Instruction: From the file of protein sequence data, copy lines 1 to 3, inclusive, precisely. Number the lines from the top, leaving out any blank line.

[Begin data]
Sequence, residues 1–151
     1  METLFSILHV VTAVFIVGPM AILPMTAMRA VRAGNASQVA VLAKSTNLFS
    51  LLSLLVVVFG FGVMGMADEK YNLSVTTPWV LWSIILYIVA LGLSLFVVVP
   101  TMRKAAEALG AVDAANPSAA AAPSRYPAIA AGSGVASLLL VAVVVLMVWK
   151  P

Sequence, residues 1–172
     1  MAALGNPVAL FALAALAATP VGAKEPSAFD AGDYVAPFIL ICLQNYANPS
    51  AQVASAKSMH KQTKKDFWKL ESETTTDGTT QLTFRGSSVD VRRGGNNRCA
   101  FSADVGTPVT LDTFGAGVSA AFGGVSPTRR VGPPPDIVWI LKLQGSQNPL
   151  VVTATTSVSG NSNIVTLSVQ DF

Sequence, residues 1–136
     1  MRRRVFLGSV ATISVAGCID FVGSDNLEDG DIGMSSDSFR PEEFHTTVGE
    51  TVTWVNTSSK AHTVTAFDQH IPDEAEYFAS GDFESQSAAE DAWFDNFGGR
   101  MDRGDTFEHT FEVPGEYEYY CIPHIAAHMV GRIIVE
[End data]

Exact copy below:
Sequence, residues 1–151
     1  METLFSILHV VTAVFIVGPM AILPMTAMRA VRAGNASQVA VLAKSTNLFS
    51  LLSLLVVVFG FGVMGMADEK YNLSVTTPWV LWSIILYIVA LGLSLFVVVP